How Your Quadriceps Can Cause Pain: 3 Yoga Poses That Can Help

Anatomical view of the quadricep muscle groupThe quadriceps muscle group is a group of four muscles on the front side of the legs. These include the vastus lateralis, the vastus medialis, the vastus intermedius, and the rectus femoris. The name “quadriceps” means “four-headed” in Latin. They are often referred to as the “quads.”

This muscle group contains four separate muscles, which collectively make up one of the largest muscle groups in the body. Their attachment points are on the front of the pelvis and the top of the thigh bone as well as on the shinbone and around the knee via the quadriceps tendon.

Their primary job is to extend the knee. Their role in propelling our bodies in activities such as walking, running, and many other physical activities means they get a great deal of use. But sitting too long causes them to become tight and can weaken them.

When the quadriceps are tight, they can create issues in numerous ways:

  • Back problems because tight quads pull down on the front of the pelvis, causing it to come into an anterior (forward) tilt  

  • Knee issues because of these muscles’ insertion onto the quadriceps tendon, which is attached to the kneecap

  • Hip pain because they can cause an anterior or forward pelvic tilt

  • Hamstrings can overstretch to accommodate the tension of the quads, the opposite muscle group.  

When looking for root causes of issues in the low back, hips, and knees, working with the quadriceps can sometimes provide some relief. Some of these issues can be minimized or mitigated by creating a balance between strength and mobility in the quads.

3 Yoga Poses That Can Help Create Strength and Mobility in the Quadriceps

1. Lunges. Woman practicing yoga low lunge anjanyeasanaA variety of different lunge poses can help create more mobility in these muscles. Knee-down lunges like Anjaneyasana (Crescent Lunge Pose) and a Crescent Lunge variation such as High Lunge Pose are both excellent options. Doing both versions will target different portions of this muscle group for a more significant impact. Alignment is key in order to get the best possible quad stretch out of a lunge.

To Practice Crescent Lunge:           

  1. Begin from a kneeling position.

  2. Step one leg forward and place the foot somewhat forward of the knee.

  3. Be sure to keep your pelvis in a neutral position (not tilted forward).

  4. Draw your abdominal muscles inward.

  5. Keep your shoulders stacked over your hips.

  6. As you shift your hips forward, press back through the heel of the foot of the back leg to create as much length through the leg as possible.

  7. Take several deep breaths, and then return to a kneeling position.

  8. Repeat on the other side.

2. Woman practicing yoga chair pose utkatasana fierce poseIf you have noticed weakness in your quadriceps or you have to sit for a great deal of time, try incorporating Utkatasana (Fierce Pose) into your yoga practice. This pose has many variations, all of which create strength in the quads.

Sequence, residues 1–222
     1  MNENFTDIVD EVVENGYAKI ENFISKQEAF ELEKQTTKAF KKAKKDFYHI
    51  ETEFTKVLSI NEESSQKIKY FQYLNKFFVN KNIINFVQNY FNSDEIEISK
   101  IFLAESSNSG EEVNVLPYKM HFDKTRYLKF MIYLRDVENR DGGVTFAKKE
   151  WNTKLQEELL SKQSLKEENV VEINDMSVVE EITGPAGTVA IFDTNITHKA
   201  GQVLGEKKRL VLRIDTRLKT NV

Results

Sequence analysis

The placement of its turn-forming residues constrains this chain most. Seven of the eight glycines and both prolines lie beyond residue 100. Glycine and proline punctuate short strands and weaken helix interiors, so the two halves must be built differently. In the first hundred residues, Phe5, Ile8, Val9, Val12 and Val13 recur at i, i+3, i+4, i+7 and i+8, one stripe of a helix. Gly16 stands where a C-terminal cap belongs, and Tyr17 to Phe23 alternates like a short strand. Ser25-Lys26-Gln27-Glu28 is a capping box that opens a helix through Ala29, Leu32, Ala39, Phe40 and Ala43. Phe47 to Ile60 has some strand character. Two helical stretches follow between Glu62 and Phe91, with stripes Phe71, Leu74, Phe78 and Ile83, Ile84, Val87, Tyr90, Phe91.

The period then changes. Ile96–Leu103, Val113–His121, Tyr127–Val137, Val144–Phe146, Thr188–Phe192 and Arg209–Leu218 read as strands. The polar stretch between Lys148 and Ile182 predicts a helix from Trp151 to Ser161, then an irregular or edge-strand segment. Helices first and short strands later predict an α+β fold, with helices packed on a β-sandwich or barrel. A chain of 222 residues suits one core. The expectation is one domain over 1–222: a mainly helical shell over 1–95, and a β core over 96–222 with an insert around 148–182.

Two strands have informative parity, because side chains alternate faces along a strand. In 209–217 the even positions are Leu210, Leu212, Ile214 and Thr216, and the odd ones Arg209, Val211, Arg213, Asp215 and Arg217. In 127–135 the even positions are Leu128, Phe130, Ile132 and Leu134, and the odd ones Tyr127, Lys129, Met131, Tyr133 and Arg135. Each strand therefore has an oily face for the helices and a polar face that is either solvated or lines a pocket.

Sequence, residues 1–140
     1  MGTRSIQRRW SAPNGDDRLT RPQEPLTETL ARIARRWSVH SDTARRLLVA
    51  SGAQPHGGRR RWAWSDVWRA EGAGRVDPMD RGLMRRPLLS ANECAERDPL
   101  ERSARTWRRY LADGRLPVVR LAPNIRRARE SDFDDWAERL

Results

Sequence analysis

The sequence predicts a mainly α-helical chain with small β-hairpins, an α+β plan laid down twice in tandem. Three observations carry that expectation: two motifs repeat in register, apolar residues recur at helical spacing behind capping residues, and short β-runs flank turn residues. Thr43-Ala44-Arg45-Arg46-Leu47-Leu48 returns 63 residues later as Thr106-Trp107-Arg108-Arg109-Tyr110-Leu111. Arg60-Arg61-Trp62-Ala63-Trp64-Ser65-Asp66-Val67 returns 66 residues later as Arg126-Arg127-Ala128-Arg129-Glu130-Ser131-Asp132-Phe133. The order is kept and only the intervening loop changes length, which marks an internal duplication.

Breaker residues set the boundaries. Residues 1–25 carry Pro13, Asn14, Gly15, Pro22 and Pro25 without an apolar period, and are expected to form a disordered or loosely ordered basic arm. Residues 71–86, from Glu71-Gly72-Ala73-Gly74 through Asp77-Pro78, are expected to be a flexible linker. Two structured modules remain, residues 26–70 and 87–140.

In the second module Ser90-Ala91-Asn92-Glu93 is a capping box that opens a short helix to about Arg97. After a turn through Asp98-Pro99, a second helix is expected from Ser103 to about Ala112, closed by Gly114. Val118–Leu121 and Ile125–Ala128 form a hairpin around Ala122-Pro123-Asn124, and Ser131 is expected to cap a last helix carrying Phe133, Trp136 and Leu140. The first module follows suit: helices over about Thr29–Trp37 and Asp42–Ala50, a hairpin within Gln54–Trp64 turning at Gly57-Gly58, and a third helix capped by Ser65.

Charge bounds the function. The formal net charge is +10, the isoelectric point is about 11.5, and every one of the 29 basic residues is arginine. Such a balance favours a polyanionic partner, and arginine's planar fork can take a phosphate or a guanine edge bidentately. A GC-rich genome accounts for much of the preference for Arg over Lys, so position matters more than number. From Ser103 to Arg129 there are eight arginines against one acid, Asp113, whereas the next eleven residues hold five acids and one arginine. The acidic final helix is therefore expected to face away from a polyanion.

To Practice Fierce Pose:          

  1. Stand in Tadasana (Mountain Pose).

  2. Bend your knees, tilt your pelvis forward, and then lower your hips back and down. Your torso will lean slightly forward as you lower your hips.

  3. Keep your spine neutral, keeping your back from arching.

  4. Your arms can be raised alongside your head, in Anjali Mudra (Prayer Pose) or a low “V” position.

  5. Hold the pose as you breathe.

  6. Take several deep breaths, and then straighten your knees and return to Tadasana.

3. Woman practicing yoga dancer's pose natarajasanaNatarajasana (Dancer’s Pose or Standing Bow Pose) helps to both lengthen and strengthen the quadriceps. The quads in the standing leg will strengthen and the same muscles on the back leg will stretch.

One of the great things about Dancer’s Pose is that it can be modified to meet your needs. You can incorporate a strap to help reach your back foot. You can also do the pose next to a wall to assist with balance. Or you can lie on your side on the floor if standing is not an option.

To Practice Dancer’s Pose:          

  1. Stand in Tadasana.

  2. Shift your weight onto one leg and bend your other knee, lifting your foot off the floor.

  3. Reach back for your foot or use a strap to loop around your foot and hold it in your hand.

  4. Then keeping your spine upright, kick the foot of your bent leg back, so the knee of that leg begins to move back behind your body.

  5. Keep your hips somewhat level from side to side.

  6. Your opposite arm can be raised overhead or on a wall for balance.

  7. Take several breaths before returning to Tadasana.

  8. Repeat on the other side.

Study healthy aging with YogaUOnline and Tias Little: Youthful Spine, Youthful Body: Yogic Keys to Longevity & Vitality.

YogaUOnline contributor Emily HardemanEmily is passionate about yoga, anatomy, and sustainable movement. She is a yoga teacher, IAYT certified yoga therapist, and massage therapist. Emily has created both a 200 and 300-hour yoga teacher training program focused on therapeutics and a solid understanding of how yoga asanas can be adapted to fit anyone’s needs. She also has written CE trainings to help teachers fill in the gaps after graduating from Yoga teacher training and their real-world experiences. She believes that Yoga is not just for skinny, flexible people.  Yoga is for everyone, regardless of size, age, and health. One of her goals is to help yoga and movement teachers gain high-level training and education so they can in-turn change the world through yoga. She has over 2500 hours of training and well over 4000 hours of teaching experience. Her teaching has ranged from working with professional athletes to those confined to chairs.


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